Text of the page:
SS433 and Microquasars

Microquasars are extraordinary objects that undergo the most extreme process in the Universe: accretion onto a Black Hole.

The microquasar SS433 is probably the most exotic object in our Galaxy. Along with its natural ability to puzzle astronomers and physicists, it shows wondrous properties such as: accretion flows, presence of a black-hole (or neutron star), accretion and excretion discs, precession, nutation and orbital periodicities, emission all over the spectrum and, most importantly, ejection of corkscrew jets of baryonic matter, everything enclosed in a really intriguing binary system surrounded by a huge supernova remnant.

Well, SS433 is the main topic of my Ph.D. thesis. My goals are mainly to study the companion star and the accretion processes going on in the system, by using infra-red telescopes in order to "see" further in the outflowing material, thus avoiding the huge amount of interstellar dust in between SS433 and us.

Latest publications:

SS433's circumbinary ring and accretion disc viewed through its attenuating disc wind
Perez, Sebastian and Blundell, K. M., 2010, accepted for publication in MNRAS [astro-ph]

Inflow and outflow from the accretion disc of the microquasar SS433: UKIRT spectroscopy [ads]
Perez, Sebastian and Blundell, K. M. 2009, MNRAS, 397, 849 [astro-ph]

Active/Starburst Galaxies Dichotomy: NGC4438

Active galaxies, meaning galaxies hosting a supermassive black-hole in their nuclei, are of extreme importance to galaxy formation and cosmology. Actually, it is their input into the intergalactic medium what matters. Impact of outflows driven by radiation from these "supermassive" black-holes are thought to hit (and heat up) the gas in between the galaxies, this should be enough to prevent the gas from condensing (cool down) and forming more galaxies. Can microquasars alter this picture?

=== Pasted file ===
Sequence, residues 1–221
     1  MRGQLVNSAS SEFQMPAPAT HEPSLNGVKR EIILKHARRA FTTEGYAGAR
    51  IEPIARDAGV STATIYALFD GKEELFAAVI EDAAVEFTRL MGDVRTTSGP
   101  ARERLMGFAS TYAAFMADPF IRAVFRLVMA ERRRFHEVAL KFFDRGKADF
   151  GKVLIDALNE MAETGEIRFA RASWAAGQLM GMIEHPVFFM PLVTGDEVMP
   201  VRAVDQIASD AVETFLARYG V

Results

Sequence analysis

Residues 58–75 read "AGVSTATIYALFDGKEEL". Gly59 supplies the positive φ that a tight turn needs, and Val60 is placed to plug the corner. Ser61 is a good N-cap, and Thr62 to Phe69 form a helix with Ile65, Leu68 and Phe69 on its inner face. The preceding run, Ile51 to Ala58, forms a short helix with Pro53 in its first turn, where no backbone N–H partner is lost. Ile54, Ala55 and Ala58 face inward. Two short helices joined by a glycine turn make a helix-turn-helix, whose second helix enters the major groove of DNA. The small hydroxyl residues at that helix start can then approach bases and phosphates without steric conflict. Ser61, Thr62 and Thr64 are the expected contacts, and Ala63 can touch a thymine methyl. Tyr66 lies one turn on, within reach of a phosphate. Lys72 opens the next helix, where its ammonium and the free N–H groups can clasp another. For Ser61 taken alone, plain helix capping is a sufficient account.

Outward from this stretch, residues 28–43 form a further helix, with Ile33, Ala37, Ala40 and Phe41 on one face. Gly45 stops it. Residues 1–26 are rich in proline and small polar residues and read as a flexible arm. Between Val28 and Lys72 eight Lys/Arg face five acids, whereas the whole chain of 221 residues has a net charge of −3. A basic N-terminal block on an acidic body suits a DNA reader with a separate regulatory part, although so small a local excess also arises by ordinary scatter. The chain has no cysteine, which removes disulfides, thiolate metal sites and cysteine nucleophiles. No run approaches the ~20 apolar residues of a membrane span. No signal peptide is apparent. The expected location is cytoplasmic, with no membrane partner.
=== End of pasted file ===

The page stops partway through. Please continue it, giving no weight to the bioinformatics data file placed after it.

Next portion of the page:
I studied the severely damaged galaxy NGC4438 located in the very centre of the Virgo Cluster. It is not clear whether this galaxy harbours a supermassive black-hole or not. The other possibility may be a great amount of starburst in the core, hence the AGN/Starburst dichotomy. I began working on this project as an undergraduate in the summer of 2004, working with Dr. Simon Casassus.

Latest publications:

Near-infrared imaging and spectroscopy of the nuclear region of the disturbed Virgo cluster spiral NGC4438 [ads]
Perez, Sebastian, Casassus, S., Cortes, J. R. and Kenney, J. D. 2009, MNRAS, 400, 2098 [astro-ph]

I am also interested in:

Astrobiology is the study of the living universe. But, what is life? Chyba and Carol Cleland (philosopher) argue that the idea that one can answer the question "what is life?" by defining life is mistaken, resting on confusions about the nature of definition and its ability to answer fundamental questions about the natural world. Astrobiology studies the "life as we know it", meaning life based on liquid water, carbon, and a usable source of energy. Because carbon-based molecules and useful sources of energy are common throughout the solar system, the search for life in the solar system came to emphasize the search for liquid water. Life is dependent on liquid water because it requires an internal medium within which molecules may dissolve and chemical reactions occur (water is called the universal solvent).

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